Consent and Morose Delectation

Moral theology is a beautiful thing to reflect on when one is reflecting on our happiness and the virtues by which we are ordered to it. But, alas, it is also necessary for moral theology to reflect on the ugliness of sin. This should not take an inordinately important place in moral reflections, but a certain amount is necessary, and actually helpful. I have been getting a number of Curious Cat questions recently on the sin known in moral theology under the fittingly ugly name of ‘morose delectation’. The most recent question dealt more generally with the problem of consent in internal sins:

What is a directly elicited act of the will (a term you’ve used in answering several other questions)? Perhaps relatedly, can you provide any principles for discerning whether one has fully consented to an act which is objectively grave matter? I know that anxiety, sleepiness, and distraction can sometimes vitiate consent but I don’t know how to tell whether one of these or some other factor is present to a sufficient extent in specific cases (in terms of deciding whether I can receive/need to go to Confession).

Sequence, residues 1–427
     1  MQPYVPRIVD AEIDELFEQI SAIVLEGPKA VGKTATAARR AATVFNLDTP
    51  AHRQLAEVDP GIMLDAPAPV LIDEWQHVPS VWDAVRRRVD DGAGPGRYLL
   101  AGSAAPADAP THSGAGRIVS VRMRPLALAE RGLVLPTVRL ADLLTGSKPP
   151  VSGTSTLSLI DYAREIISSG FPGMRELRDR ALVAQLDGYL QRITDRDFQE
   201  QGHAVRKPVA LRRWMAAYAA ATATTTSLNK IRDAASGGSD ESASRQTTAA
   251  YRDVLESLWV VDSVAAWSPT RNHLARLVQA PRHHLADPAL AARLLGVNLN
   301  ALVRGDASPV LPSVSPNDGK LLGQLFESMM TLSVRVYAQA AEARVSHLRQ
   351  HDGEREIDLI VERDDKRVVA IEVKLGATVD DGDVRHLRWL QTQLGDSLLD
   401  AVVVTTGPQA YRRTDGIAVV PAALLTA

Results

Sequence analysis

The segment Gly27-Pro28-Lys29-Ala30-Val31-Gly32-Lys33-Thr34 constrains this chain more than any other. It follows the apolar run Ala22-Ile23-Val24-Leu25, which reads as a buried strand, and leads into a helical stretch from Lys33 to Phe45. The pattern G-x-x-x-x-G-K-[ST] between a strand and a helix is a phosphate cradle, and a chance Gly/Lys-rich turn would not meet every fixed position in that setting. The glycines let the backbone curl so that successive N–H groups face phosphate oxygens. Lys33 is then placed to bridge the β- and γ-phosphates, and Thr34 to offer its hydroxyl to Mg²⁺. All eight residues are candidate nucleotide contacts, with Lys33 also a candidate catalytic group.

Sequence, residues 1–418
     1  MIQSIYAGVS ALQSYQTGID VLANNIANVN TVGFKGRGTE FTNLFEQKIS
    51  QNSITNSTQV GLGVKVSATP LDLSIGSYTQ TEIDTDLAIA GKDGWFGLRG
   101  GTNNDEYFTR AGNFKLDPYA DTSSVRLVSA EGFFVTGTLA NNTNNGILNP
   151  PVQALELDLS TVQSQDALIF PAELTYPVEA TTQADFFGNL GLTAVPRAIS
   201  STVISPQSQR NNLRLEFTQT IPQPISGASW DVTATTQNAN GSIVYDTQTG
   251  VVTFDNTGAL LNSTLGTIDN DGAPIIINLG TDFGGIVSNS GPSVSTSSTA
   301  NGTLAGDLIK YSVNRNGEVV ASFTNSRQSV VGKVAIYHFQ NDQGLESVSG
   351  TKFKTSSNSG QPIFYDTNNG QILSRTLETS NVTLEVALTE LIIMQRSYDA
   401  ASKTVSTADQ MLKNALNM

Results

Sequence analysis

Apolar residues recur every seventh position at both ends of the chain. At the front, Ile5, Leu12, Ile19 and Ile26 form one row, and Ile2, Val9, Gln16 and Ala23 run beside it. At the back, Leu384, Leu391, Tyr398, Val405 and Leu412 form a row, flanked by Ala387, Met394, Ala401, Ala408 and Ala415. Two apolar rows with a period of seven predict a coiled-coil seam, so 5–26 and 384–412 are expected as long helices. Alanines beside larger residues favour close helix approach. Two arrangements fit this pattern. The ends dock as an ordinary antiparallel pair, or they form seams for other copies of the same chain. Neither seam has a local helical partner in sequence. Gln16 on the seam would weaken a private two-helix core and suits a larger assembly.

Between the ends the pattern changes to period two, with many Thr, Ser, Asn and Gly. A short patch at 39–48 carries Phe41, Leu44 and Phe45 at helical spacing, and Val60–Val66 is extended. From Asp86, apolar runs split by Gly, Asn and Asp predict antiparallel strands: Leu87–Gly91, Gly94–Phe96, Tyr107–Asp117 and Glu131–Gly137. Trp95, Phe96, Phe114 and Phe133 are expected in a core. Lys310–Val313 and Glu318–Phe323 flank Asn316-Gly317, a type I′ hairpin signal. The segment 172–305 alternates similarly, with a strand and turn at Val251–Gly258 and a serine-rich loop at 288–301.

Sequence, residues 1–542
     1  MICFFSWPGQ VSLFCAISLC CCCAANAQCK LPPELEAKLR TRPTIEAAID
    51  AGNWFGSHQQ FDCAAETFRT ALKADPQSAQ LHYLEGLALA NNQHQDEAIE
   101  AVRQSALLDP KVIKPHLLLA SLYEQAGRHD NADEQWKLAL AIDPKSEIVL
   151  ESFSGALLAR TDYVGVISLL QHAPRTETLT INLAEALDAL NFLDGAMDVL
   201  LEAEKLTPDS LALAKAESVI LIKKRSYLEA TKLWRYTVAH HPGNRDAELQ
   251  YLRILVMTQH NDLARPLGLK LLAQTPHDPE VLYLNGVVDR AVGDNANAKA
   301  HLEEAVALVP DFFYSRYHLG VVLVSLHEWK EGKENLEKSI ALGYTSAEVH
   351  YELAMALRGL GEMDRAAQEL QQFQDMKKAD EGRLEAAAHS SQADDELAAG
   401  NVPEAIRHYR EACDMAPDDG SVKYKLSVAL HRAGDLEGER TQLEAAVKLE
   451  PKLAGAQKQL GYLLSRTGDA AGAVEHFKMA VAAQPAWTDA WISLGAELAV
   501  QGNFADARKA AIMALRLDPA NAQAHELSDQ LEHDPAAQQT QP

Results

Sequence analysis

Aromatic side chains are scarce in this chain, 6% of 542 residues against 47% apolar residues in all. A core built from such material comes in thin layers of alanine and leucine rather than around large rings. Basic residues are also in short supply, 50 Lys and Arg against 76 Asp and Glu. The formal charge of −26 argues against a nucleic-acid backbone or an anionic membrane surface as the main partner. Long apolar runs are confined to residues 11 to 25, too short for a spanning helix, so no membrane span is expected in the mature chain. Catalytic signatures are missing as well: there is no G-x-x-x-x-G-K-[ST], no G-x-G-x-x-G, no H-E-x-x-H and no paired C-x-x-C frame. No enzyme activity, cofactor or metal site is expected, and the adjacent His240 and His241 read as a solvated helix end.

My response was too long for the Curious Cat format, so I paste it here. The subject is distasteful, but since it is a problem that is often brought up in confession, I hope that the response will none the less be helpful. Continue reading

Dubia and Initiating Processes

I am very grateful to the four cardinals who submitted dubia about the interpretation of Amoris Laetitia to the Holy Father. With humility and reverence before the Vicar of Christ, and “supreme teacher of the faith,” they ask him to answer some specific questions about how Amoris Laetitia is consistent with previous teachings of the Church. As they note, uncertainty has been caused by conflicting interpretations, and they ask the Holy Father to bring clarity by responding definitely to their questions. Continue reading